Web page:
Advisory Legal Opinion - AGO 85-87
Number: AGO 85-87
Date: October 25, 1985
Subject: Machine readable files, public records

The Honorable George Firestone
Secretary of State
The Capitol
Tallahassee, Florida 32301

RE: PUBLIC RECORDS LAW—Applicability to machine-readable intermediate files generated during computer data processing

Dear Secretary Firestone:

This is in response to your request for an opinion on the following questions:

1. Are machine-readable intermediate files "public records" within the meaning of Chs. 119 AND 267, F. S.?

2. If machine-readable intermediate files are indeed "public records," who is the legal custodian as defined by s. 119.021, F. S.—the owner agency of the raw data, or the data center which created the intermediate documents?

As qualified herein, your first question is answered in the negative, such that no response is required to your second question.

With respect to the nature of "intermediate files" in the computer data processing context, your inquiry informs me as follows:

"As part of the task of manipulating data from input file to output file, any number of "intermediate" files may be generated. These intermediate files have been described to division staff by personnel from AMIC (Administrative Management Information Center) as "tools" used to create the final intended product that represents final evidence of the knowledge to be recorded. Often, the owner agency (the custodian) of the raw data and the final product is unaware of the existence of these intermediate documents and is only concerned with the final output file(s). Intermediate files may occasionally exist for only a few seconds as magnetic code on the hard disk of a large computer installation or on the floppy disk of a personal computer or word processor and their contents are rarely if ever reviewed by any person. By their nature, intermediate files do not lend themselves to the scheduling and dispositioning process as outlined by Chapter 1A-24 Florida Administrative Code. Additionally, custodianship and access problems exist due to the transitory nature of intermediate files and the lack of knowledge by the owner agency of the very existence of these files."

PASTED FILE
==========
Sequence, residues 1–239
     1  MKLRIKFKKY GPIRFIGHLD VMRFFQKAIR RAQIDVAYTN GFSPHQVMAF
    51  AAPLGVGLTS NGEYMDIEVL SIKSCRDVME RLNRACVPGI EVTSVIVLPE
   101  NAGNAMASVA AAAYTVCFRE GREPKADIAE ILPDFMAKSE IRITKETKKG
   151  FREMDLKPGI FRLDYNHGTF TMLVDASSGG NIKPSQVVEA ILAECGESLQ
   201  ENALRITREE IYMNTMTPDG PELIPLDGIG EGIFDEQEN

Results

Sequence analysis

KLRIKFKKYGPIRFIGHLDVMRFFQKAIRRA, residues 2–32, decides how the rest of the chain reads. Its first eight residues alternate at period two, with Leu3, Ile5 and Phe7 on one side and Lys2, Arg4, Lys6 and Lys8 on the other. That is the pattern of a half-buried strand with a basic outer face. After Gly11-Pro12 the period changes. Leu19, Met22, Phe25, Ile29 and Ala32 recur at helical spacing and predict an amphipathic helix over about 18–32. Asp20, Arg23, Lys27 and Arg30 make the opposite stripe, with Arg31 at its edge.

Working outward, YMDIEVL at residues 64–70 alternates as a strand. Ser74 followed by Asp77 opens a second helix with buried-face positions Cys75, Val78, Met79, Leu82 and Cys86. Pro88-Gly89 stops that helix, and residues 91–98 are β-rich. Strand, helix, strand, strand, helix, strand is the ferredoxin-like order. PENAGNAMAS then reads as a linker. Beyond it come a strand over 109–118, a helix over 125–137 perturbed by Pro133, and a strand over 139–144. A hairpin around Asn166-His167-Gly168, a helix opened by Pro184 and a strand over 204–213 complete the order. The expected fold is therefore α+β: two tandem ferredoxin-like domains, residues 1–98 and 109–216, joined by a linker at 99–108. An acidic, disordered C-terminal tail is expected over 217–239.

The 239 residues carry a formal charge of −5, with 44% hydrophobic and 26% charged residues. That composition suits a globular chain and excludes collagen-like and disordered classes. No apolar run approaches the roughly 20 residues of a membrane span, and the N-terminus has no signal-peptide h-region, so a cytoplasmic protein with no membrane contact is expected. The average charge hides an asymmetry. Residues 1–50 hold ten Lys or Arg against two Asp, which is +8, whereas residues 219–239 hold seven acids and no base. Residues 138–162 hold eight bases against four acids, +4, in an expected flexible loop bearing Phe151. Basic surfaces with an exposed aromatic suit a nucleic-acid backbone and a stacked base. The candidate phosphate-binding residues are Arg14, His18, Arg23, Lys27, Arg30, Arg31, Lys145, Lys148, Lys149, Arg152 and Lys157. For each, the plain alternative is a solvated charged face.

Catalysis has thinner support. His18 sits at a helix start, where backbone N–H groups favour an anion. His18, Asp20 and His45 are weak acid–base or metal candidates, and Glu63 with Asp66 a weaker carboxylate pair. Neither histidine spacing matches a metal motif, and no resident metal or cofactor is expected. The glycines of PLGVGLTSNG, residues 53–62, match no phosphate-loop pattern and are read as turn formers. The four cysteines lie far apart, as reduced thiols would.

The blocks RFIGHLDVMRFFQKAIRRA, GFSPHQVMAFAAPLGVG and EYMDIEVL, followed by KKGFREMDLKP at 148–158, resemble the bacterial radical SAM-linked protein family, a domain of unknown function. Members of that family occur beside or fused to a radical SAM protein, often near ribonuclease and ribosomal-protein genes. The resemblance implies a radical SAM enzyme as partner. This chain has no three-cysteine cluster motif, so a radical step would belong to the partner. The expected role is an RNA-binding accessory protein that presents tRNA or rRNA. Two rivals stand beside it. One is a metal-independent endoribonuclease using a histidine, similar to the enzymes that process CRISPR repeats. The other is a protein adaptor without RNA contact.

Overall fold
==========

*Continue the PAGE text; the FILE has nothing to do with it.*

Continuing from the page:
Your staff has further advised this office that these intermediate files are distinguishable from computer programs, which are also "tools" but which are used to retrieve information stored in a computer in a specified format and at high speed. To illustrate, the application of a program to the data supplied to or stored in the computer results in the creation of machine-readable intermediate files which enable the computer to assemble the data in the requested manner in order to produce an output document of some type (e.g., a printout or a disk or tape). Additionally, your inquiry notes that it is your view that "input documents [and output documents] are clearly public records . . . and lend themselves to the scheduling and dispositioning process as outlined in Chapter 1A-24 Florida Administrative Code." See also s. 267.051(1), F.S., imposing certain records management duties and responsibilities upon the Division of Archives, History and Records Management of the Department of State.

Sections 119.011(1) and 267.021(2), F.S., provide substantially identical definitions of the term "public records." For purposes of Ch. 119, F.S., s. 119.011(1), supplies the following definition:

"'Public records' means all documents, papers, letters, maps, books, tapes, photographs, films, sound recordings or other material, regardless of physical form or characteristics, made or received pursuant to law or ordinance or in connection with the transaction of official business by any agency."